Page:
CHARLOTTE, N.C. (CNN)-- When it comes to voters, Nascar could be a serious problem for President Obama come November. Charlotte, N.C. is home to the Nascar Hall of Fame. This is the epicenter for the hard-driving, engine-revving sport. While Nascar consists of a whole lot of left turns, the typical Nascar voter steers to the right.
"Nascar has traditionally been little bit more Republican, but North Carolina is very much a swing state," said Winston Kelley, head of the Nascar hall of fame and a Nascar radio commentator.
"I am kind of a little disappointed. He came in with the big fanfare and a lot of hope and promises. I don't think he fulfilled a lot of those hopes and dreams that he was talking about. I think he let a lot of people down," said Stephen Elliott, an Atlanta resident who recently visited Charlotte.
But the Obama campaign isn't banking on voters like Elliott. They've long been considered out of reach for the Democratic party, and in the last four years, he's lost even more ground.
"The President is facing significant decline, especially with those blue-collar, white men. They have been the toughest audience for him right from the outset. But the numbers are getting really bad, possibly the lowest we've seen for any Democratic nominee in possibly 40 years," said Ron Brownstein with the National Journal.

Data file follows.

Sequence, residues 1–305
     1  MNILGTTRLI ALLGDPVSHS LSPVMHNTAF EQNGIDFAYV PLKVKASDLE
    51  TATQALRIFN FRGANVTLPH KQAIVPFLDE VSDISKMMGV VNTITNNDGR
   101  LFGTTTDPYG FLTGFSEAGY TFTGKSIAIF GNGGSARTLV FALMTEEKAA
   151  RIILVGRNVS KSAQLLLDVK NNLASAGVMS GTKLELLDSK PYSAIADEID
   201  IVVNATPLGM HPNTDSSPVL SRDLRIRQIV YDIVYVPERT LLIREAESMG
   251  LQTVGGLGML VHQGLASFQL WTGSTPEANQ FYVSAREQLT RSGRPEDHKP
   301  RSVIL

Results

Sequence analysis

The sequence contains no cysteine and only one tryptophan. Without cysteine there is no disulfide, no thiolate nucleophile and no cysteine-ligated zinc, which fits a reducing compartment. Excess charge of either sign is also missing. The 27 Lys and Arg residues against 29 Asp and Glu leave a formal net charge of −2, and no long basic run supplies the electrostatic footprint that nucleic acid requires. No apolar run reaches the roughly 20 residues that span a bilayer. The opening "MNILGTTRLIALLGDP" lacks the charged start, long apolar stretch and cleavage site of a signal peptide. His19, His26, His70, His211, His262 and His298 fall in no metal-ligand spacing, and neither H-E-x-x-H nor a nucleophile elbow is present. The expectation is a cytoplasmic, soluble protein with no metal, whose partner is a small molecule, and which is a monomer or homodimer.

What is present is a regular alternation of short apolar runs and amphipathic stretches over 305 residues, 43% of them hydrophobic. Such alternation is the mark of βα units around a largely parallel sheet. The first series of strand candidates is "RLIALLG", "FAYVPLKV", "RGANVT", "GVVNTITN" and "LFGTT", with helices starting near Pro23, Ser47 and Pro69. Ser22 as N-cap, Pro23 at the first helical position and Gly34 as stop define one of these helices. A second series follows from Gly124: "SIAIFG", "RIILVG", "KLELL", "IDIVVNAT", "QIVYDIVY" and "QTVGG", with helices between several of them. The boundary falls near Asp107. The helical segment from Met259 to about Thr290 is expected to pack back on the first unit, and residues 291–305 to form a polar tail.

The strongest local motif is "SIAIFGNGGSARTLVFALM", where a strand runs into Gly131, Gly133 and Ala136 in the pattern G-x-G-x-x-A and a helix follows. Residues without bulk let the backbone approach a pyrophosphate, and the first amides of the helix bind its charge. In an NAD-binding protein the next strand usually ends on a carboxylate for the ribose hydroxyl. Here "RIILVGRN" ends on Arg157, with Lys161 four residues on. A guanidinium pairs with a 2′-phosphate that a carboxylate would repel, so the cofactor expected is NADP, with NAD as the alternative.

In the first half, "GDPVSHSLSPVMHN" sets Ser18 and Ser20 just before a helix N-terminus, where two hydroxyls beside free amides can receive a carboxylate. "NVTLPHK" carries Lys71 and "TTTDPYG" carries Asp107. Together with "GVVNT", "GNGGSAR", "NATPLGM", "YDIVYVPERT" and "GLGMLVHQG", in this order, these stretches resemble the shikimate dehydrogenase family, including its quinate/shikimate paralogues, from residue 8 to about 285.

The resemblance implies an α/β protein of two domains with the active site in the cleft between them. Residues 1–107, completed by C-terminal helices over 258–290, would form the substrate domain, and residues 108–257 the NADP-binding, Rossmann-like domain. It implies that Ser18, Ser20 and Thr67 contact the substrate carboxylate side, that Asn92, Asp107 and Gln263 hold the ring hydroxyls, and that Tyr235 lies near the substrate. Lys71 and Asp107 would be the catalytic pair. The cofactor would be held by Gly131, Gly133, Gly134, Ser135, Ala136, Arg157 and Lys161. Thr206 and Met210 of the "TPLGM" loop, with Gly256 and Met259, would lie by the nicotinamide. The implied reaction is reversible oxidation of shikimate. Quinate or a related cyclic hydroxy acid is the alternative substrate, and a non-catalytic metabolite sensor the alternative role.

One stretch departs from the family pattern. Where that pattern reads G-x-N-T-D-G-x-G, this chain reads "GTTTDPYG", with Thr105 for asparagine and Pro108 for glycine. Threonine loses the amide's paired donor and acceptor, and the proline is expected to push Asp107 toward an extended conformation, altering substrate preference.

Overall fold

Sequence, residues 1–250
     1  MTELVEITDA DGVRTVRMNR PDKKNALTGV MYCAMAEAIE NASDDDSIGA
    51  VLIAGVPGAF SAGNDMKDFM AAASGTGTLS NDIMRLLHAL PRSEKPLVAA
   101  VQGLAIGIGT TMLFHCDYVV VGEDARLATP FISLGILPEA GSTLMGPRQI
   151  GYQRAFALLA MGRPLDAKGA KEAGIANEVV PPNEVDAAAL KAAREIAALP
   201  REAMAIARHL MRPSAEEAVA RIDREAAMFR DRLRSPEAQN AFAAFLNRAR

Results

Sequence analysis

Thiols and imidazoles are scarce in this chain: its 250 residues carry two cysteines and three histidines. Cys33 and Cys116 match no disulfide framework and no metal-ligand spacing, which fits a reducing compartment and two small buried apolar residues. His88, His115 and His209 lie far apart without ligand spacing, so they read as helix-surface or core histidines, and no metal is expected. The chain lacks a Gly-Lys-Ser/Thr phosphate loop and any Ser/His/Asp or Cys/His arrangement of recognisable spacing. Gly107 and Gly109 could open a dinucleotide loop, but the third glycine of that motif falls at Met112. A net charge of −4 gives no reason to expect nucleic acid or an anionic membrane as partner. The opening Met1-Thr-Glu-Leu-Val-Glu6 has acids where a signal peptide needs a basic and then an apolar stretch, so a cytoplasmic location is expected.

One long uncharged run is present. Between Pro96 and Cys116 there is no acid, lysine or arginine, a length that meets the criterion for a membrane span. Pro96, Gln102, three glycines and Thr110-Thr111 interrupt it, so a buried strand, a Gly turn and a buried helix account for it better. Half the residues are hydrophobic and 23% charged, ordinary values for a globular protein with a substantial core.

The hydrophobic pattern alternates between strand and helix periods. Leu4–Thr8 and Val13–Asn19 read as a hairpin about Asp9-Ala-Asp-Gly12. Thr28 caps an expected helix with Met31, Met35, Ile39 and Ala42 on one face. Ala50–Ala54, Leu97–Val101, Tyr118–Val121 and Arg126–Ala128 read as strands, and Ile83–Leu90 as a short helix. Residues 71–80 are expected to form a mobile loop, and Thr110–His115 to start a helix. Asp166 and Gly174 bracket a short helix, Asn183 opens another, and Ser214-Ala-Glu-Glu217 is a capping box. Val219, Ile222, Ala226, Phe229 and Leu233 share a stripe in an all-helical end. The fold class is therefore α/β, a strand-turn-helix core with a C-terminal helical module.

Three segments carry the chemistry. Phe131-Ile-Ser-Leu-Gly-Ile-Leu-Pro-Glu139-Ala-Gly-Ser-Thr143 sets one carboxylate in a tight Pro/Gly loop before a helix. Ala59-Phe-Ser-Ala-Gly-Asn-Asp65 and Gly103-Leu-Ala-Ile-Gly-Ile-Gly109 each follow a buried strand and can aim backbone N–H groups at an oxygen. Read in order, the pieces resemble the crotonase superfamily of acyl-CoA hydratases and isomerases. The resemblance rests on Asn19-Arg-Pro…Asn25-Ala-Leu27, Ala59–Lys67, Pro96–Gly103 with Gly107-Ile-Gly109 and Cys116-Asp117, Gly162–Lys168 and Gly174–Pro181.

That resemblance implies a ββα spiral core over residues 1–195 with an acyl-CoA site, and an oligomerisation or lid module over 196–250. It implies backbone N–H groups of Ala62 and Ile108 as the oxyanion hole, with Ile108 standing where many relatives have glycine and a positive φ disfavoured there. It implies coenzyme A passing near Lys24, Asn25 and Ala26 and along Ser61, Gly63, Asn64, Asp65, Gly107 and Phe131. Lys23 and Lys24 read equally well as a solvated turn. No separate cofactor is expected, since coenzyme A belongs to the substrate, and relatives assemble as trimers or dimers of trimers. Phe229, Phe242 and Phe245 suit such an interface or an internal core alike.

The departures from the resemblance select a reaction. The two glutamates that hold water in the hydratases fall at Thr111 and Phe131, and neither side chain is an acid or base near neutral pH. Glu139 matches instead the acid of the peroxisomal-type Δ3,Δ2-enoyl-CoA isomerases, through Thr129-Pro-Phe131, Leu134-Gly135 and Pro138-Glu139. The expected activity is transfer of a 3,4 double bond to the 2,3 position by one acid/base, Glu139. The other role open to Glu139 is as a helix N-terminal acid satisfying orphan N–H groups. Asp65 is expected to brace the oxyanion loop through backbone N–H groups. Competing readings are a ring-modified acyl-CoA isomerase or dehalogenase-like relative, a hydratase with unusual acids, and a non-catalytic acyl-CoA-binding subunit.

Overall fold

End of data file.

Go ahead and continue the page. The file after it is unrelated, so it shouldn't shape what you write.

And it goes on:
Exit polls from 2008 show 57 percent of white males voted for John McCain, 41 percent for Obama. The latest numbers from this summer show the President has slipped eight percentage points more with this group.
That means President Obama has to increasingly rely on voters who tend to be in his corner: Hispanic, black, young voters and especially women.
"It was almost impossible for him to make a change in four years, so I think the next four years, why not give him another chance to see what he can do for the middle class?" said Vieta Benson, a Gaston County, North Carolina resident.
"I voted for President Obama, and I'll vote for him again. Because I don't think that he's had enough time to correct the damage done by the Republican Party. I just feel that he needs the time," said Phyllis Perry, a Charlotte, North Carolina resident.
This coalition of voters holds the key to victory for President Obama if he can persuade them to turn out in big numbers, and he sure is trying.
"I'm counting on you, I'm counting on you. I'm counting on you. If you are not registered to vote, then you've gotta go to www.gottaregister.com," said President Obama during a recent speech.
That is the big challenge, even with Nascar voters who will overwhelmingly support Mitt Romney.
Nascar officials say fans are more likely more interested in who wins the Sprint Cup versus the Presidential election in November.
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